May 22, 2024
Liquid Biopsy

Liquid Biopsy: A Promising Alternative to Tissue Biopsy for Cancer Detection

Liquid biopsy is a non-invasive blood test that allows detection of cancer DNA or RNA circulating in a patient’s bloodstream. When cancer cells die, they release DNA and RNA fragments into the blood that can potentially be analyzed to detect tumors and guide treatment decisions. This provides an alternative to invasive tissue biopsies which require surgical procedures to obtain tumor samples.

How Liquid Biopsy Works

In a Liquid Biopsy test, a blood sample is drawn from the patient’s arm in a simple and routine manner. The blood sample is then analyzed using specialized molecular techniques to detect any circulating tumor DNA (ctDNA) or circulating tumor cells (CTCs) that may be present. ctDNA originates from tumors and contains genetic mutations specific to that tumor. CTCs are intact cancer cells that have shed from tumors into the bloodstream.

Advanced molecular techniques like digital polymerase chain reaction (PCR), next-generation sequencing, and microfluidics are used to analyze blood samples for any tumor-specific genetic alterations. PCR helps amplify any rare DNA fragments present in blood while next-generation sequencing maps the full DNA sequence to pinpoint cancer-related mutations. Microfluidic cell capture devices can isolate rare CTCs from blood for further analysis.

Potential Clinical Applications

Liquid biopsy holds great promise for improving cancer screening, diagnosis, treatment monitoring and surveillance. Some key potential applications include:

– Early Cancer Detection: Detecting cancers at earliest stages before symptoms appear by monitoring for ctDNA in blood of asymptomatic individuals. This could enable earlier treatment interventions.

– Diagnosing Tumor Origin: Determining the primary site of a cancer when it has metastasized by analyzing mutation profiles in ctDNA to match signatures of different cancer types.

– Treatment Monitoring: Tracking ctDNA levels serially during and after therapy to closely monitor treatment response and detect relapse earlier than conventional imaging. This enables timely interventions.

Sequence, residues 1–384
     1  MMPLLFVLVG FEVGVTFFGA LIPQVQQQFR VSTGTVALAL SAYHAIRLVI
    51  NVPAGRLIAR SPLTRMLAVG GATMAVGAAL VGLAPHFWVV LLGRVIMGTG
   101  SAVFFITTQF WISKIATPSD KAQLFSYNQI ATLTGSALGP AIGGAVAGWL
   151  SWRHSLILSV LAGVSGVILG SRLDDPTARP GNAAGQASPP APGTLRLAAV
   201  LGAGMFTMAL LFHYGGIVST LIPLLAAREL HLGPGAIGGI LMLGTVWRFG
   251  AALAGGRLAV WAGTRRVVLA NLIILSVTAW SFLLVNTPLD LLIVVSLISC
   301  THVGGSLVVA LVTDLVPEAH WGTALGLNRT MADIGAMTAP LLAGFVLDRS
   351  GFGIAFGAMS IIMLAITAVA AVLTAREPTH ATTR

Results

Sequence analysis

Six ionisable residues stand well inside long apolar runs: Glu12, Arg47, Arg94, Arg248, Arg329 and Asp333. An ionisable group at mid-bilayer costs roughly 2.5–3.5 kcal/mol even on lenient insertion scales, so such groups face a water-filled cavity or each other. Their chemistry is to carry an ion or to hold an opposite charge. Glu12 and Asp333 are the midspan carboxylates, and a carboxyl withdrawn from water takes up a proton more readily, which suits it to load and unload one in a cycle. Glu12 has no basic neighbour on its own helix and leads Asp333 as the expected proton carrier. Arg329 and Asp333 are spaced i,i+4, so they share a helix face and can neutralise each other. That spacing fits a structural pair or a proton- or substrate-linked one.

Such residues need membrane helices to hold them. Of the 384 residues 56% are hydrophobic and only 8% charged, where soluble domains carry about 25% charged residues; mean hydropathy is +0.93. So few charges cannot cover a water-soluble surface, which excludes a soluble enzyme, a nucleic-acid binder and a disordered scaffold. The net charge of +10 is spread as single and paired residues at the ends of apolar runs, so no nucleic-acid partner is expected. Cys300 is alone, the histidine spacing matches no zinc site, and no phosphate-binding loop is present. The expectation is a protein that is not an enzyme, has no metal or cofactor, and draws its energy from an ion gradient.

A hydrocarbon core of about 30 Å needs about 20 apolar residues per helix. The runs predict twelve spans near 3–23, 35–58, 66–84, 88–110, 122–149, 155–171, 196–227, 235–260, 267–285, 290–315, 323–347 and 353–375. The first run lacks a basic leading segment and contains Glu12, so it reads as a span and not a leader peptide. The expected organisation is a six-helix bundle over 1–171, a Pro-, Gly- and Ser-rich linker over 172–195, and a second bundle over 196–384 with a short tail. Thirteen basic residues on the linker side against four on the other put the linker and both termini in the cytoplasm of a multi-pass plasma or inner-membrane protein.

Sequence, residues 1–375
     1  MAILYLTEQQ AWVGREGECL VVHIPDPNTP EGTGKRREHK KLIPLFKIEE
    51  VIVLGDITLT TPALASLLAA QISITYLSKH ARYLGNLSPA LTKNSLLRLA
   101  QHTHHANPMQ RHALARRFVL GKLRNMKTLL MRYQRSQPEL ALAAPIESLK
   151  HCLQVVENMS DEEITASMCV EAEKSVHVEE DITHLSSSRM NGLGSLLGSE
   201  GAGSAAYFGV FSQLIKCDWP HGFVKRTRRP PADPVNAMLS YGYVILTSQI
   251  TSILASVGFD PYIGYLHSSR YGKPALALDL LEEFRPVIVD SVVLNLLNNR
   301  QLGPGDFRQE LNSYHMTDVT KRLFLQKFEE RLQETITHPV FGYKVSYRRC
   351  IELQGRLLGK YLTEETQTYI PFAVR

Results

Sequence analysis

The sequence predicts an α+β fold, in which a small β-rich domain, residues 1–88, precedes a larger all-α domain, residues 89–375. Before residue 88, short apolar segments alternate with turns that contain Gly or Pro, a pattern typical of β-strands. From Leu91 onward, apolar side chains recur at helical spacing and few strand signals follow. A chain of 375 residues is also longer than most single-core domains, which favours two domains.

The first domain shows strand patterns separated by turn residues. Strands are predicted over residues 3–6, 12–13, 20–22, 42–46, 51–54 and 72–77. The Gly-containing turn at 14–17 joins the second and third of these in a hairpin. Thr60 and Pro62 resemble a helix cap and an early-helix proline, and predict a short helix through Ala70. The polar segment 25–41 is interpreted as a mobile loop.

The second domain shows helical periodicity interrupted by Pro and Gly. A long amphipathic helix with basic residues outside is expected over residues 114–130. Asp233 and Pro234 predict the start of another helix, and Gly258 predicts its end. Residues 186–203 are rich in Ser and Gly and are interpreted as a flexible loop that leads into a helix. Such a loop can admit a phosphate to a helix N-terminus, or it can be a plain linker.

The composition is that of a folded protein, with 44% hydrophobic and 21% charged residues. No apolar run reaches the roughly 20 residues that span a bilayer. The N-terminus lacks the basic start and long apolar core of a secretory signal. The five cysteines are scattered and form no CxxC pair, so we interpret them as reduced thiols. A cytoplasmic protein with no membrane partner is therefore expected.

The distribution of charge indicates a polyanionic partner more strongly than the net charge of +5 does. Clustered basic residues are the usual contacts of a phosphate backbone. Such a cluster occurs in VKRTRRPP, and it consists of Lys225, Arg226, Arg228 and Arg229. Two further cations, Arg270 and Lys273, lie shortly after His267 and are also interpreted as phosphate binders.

– Guiding Treatment Decisions: Using mutation data from liquid biopsies to select targeted therapies and personalized treatment regimens tailored to a patient’s tumor molecular profile.

– Detecting Resistance Mechanisms: Identifying new mutations that emerge with acquisition of resistance to first-line therapies. This guides selection of optimal subsequent treatment lines.

Advantages over Tissue Biopsies

Liquid biopsies offer several advantages compared to traditional tissue biopsies:

– Non-Invasive and Minimally stressful: Unlike biopsies requiring surgery or invasive procedures, liquid biopsies involve simple blood draws which are less stressful for patients. This makes frequent monitoring more feasible.

– Real-Time Monitoring: Liquid biopsies can track tumor evolution and response to therapies by repeated blood draws, while tissue biopsies only provide a snapshot in time. This enables real-time treatment guidance.

– Represents Whole Tumor Burden: Analyzing ctDNA circulating in blood provides a sample of multiple tumor sites, unlike tissue biopsies which sample only one lesion. This offers a better representation of overall tumor heterogeneity and clonal evolution.

– Easier to Obtain Samples: It is sometimes challenging or risky to access tumor tissues, but liquid biopsies provide samples easily and safely through routine blood draws. This is important for difficult to biopsy tumors.

Challenges and Limitations

Despite great promise, liquid biopsies still face some challenges that need to be addressed:

– Low ctDNA Concentrations: Detecting rare ctDNA fragments requires highly sensitive techniques as ctDNA usually constitutes only a tiny fraction of total blood DNA. This poses challenges in some early or small tumors.

– Distinguishing tumor from normal cfDNA: Patients naturally have cell-free DNA (cfDNA) from non-tumor sources in blood, and separating tumor from normal cfDNA sequences can be difficult.

– Inter-tumor and Intra-tumor heterogeneity: Mutations vary between different tumor sites in a patient as well as between cancer cells within a single tumor. A blood test may not reflect full mutation profile.

– Limited analytical validation: While early studies show promise, larger clinical validation studies are still needed for most liquid biopsy applications before standard adoption.

– Turnaround times and costs: Most liquid biopsy tests currently have turnaround times of weeks and costs ranging from a few hundred to over $1000 per test, which are barriers to widespread clinical use.

*Note:
1. Source: Coherent Market Insights, Public sources, Desk research
2. We have leveraged AI tools to mine information and compile it